Sensorimotor stage

Stage theory

Stage theories are based on the idea that elements in systems move through a pattern of distinct stages over time and that these stages can be described based on their distinguishing characteristics.

Piaget's theory of cognitive development

Piaget's theory goes through four stages: Sensorimotor: (birth to 2 years), Preoperations: (2 to 7 years), Concrete operations: (7 to 11 years), and Formal Operations: (11 to 16 years). Each stage has at least two substages, usually call early and fully. Also see Theory of cognitive development.

Underlying Assumptions

  • Each stage lays the foundation for the next
  • Everyone goes through the stages in same order
  • Each stage is qualitatively different. Meaning it is a change in nature, not just quantity
  • The child is an active learner. Basically they have to do it on their own, they can’t be told

Sensorimotor Stage (birth to 2 years) A child comes into the world knowing almost nothing, but they have the potential that comes in the form of:

  • brain makeup
  • reflexes eg. sucking and visual orienting
  • innate tendencies to adapt to environment

Infants use these potentials to explore and gain an understanding about themselves and the environment. They have a lack of object permanence, which means they have little or not ability to conceive things as existing outside their immediate vicinity. For example. When you place a barrier, such as a piece of wood in front of an object an infant will believe that the object is non existent.

Preoperational Stage (2 to 7 years) Preoperational intelligence means the young child is capable of mental representations, but does not have a system for organising this thinking (intuitive rather than logical thought). The child is egocentric – which is they have problems distinguishing from their own perceptions and perceptions of others. A classic example is, a preoperational child will cover their eyes so they can’t see someone and think that that person can’t see them either.

The child also has ridged thinking, which involves the following.

  • Centration – a child will become completely fixed on one point, not allowing them to see the wider picture. For example, focusing only on the height of the container rather than both the height and width when determining what has the biggest volume.
  • State – can only concentrate on what something looks like at that time.
  • Appearance – focuses on how something appears rather than reality.
  • Lack of Reversibility – can’t reverse the steps they have taken. Don’t realize that one set of steps can be cancelled by another set of steps.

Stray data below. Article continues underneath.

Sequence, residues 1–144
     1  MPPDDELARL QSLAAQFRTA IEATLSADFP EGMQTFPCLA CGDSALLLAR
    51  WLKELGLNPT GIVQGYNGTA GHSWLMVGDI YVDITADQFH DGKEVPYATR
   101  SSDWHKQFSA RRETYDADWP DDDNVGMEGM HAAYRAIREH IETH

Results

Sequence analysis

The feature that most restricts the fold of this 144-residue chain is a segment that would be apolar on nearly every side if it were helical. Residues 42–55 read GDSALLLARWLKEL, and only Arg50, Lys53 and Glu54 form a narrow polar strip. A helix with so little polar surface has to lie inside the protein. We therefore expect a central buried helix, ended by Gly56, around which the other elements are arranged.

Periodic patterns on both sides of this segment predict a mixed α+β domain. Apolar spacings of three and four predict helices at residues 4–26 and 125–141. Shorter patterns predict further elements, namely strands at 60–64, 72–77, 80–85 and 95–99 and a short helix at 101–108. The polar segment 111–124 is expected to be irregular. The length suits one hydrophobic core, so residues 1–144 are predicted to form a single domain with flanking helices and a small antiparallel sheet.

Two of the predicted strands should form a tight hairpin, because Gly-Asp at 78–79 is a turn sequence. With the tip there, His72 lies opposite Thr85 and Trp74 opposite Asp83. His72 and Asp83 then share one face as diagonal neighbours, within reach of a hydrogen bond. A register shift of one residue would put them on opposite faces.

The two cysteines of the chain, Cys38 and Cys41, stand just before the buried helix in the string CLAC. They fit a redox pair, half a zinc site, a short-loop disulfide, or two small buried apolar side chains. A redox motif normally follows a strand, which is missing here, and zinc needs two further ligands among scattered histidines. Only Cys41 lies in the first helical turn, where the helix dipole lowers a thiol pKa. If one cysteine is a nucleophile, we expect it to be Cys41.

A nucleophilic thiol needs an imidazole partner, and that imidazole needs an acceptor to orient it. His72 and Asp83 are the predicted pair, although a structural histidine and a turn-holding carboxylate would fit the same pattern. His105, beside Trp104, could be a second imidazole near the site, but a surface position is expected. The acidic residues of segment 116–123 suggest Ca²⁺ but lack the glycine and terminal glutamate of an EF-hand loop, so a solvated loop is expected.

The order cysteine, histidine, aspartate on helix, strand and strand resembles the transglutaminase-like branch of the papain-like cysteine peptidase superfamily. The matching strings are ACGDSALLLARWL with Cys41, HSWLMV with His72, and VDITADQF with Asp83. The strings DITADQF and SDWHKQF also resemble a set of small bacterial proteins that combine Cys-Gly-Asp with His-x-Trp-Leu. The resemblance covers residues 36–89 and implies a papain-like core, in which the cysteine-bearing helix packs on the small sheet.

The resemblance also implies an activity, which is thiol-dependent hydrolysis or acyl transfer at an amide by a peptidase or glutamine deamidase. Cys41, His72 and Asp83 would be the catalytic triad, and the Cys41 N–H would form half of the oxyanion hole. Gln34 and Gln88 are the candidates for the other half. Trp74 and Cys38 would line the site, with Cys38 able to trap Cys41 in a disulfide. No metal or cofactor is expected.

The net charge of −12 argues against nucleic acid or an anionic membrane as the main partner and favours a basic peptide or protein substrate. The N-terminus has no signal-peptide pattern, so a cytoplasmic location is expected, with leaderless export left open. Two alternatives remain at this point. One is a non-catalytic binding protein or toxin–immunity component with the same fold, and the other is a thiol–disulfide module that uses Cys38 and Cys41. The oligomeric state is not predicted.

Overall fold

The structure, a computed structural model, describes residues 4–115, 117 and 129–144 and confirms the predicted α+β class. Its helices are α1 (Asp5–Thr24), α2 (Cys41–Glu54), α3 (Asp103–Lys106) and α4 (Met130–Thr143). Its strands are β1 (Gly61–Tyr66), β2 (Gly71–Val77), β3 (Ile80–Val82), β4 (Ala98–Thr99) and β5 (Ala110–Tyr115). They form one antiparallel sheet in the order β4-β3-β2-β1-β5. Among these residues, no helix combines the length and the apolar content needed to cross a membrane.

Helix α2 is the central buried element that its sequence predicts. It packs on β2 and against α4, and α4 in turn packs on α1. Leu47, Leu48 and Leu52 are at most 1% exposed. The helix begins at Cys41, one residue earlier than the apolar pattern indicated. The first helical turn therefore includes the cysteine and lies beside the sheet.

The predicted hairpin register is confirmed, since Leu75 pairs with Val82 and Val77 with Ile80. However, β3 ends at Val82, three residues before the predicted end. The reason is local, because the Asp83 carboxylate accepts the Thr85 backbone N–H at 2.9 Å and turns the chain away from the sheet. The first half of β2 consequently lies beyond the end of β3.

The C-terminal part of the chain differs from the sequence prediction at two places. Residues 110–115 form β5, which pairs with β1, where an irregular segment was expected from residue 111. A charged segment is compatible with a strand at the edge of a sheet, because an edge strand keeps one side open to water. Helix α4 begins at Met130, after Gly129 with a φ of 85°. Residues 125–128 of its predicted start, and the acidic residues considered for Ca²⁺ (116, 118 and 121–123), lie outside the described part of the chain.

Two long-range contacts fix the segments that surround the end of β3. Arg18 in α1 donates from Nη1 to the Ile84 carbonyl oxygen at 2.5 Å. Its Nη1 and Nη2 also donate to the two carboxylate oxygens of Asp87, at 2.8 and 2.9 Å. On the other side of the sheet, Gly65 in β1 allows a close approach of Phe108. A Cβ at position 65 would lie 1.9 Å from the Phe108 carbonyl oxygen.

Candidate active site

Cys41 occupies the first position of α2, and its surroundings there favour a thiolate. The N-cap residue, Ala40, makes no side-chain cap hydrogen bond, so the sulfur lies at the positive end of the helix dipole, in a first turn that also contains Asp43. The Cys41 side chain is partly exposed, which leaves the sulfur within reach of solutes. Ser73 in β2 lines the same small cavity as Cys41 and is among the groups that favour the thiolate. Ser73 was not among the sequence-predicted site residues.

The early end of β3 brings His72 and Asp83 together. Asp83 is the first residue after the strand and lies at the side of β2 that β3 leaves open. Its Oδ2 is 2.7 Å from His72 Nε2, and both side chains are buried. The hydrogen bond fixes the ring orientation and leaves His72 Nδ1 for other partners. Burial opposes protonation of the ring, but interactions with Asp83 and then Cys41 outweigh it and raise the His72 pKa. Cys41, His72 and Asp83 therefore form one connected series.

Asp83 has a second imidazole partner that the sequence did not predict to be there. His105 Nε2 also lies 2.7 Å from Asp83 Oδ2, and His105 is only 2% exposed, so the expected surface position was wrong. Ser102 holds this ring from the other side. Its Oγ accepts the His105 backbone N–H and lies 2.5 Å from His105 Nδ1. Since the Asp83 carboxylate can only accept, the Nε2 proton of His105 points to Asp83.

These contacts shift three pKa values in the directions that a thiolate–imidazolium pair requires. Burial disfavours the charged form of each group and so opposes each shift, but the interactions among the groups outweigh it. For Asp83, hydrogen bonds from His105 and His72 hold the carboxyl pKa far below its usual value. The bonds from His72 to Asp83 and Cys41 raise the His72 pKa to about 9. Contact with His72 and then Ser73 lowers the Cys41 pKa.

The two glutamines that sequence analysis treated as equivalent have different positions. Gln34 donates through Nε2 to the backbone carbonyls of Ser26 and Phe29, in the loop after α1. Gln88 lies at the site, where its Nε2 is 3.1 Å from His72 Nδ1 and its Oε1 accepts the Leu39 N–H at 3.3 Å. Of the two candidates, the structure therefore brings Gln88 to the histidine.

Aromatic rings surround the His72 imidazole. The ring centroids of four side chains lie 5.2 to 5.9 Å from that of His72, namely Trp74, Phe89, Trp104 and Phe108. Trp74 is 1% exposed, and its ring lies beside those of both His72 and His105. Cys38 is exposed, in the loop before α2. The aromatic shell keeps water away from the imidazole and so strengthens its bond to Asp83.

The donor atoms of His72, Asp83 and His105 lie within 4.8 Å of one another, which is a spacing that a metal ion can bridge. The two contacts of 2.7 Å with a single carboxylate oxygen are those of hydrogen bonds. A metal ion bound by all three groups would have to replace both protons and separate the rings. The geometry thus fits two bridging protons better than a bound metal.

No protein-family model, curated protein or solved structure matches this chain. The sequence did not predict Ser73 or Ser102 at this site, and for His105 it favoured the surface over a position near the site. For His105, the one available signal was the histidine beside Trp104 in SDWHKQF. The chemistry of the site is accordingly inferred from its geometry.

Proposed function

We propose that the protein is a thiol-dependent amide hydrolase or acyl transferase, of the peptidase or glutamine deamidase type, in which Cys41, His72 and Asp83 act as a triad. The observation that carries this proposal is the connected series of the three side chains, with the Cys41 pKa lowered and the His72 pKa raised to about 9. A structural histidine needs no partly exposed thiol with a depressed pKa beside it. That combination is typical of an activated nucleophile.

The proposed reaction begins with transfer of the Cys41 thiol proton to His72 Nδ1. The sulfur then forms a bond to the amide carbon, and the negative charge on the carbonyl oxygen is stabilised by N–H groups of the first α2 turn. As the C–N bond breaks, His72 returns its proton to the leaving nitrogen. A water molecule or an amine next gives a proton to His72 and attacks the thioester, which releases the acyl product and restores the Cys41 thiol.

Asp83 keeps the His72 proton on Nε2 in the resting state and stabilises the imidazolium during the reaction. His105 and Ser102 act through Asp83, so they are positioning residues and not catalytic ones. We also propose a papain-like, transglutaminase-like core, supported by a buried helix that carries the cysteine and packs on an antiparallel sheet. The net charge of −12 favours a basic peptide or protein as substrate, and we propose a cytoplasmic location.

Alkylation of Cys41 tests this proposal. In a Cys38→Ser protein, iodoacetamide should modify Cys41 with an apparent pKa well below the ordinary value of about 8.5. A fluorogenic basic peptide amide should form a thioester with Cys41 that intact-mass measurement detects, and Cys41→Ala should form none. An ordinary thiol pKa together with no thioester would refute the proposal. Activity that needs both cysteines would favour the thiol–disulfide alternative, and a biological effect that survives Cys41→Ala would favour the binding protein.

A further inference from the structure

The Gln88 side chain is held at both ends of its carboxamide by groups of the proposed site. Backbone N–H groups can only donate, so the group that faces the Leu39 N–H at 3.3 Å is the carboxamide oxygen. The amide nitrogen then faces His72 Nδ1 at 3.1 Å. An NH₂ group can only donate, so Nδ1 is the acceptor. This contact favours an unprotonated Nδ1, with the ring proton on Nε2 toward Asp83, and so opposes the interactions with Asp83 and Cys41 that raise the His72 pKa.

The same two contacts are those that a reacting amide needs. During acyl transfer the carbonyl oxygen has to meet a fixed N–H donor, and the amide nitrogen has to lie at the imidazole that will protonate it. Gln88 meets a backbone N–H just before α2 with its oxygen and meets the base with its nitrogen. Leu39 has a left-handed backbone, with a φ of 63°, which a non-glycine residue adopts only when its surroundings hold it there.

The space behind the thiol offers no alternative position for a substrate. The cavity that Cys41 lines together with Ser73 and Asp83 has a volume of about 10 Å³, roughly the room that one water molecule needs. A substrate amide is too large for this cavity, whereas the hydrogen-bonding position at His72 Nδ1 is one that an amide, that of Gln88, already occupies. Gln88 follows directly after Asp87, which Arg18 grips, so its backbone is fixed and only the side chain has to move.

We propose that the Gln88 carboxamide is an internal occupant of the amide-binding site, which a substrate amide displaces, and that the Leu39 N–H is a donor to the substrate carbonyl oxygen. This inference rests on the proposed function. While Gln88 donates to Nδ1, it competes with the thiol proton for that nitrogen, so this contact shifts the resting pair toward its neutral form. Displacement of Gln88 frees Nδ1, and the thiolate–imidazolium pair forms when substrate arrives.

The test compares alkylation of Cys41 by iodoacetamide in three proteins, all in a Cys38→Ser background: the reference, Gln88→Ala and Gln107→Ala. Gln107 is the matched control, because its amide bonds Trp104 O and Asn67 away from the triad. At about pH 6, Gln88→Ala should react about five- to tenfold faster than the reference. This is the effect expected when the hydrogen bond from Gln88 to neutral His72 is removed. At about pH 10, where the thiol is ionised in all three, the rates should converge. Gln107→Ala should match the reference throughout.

• Lack of Conservation – realising that something can have the same properties even if it appears differently.

Concrete Operations (7 to 11 years)

  • Intelligence is now both symbolic and logical.
  • Acquires ‘operations’ = a set of general rules and strategies.
  • The most critical part of operations is realising ‘reversibility’ = both physical and mental processes can be reversed and cancelled out by others.

The concrete operational child will overcome the aspects of rigidity apparent in a preoperational child. These are:

  • lack of reversibility
  • states
  • appearance
  • conservation

The tasks of concrete operations are:

  • Seriation – putting items (such as toys) in height order.
  • Classification – the difference between two similar items such as daisies and roses.
  • Conservation – realising something can have same properties, even if it appears differently.

It is important to realise that operations and conservations don’t develop at the same time. They develop gradually and are not an ‘all or nothing’ phenomenon. For example, the first to develop is number conservation followed by mass conservation, area conservation, liquid conservation and finally solid volume conservation. Thinking is not abstract. It is limited to concrete phenomena and the child’s own past experiences.

Formal operations (11 to 16 years)

  • Child is capable of formulating hypotheses and then testing them against reality.
  • Thinking is abstract, which is a child/adolescent can formulate all the possible outcomes before beginning the problem. They are also capable of deductive reasoning.

NeoPiagetian and PostPiagetian Stage Theories

Juan Pascaual-Leone founded neoPiagetian stage theory when he pointed out to Piaget that all the half stages were stages also. Since that time there have been many stage theories proposed. Only the ones that cover at least infancy thought adulthood will be mentioned here. These inlcude Kurt W. Fischer's Skill Theory and Michael Commons and Francis Asbury Richards' Model of hierarchical complexity. There are now 15 stages, with 4 being added beyond Formal and one added between the beginning of preoperations and preoperations. Most stage sequences map onto one another. PostPiagetian stages are devoid of content and context and are therefore very powerful and general.

See also

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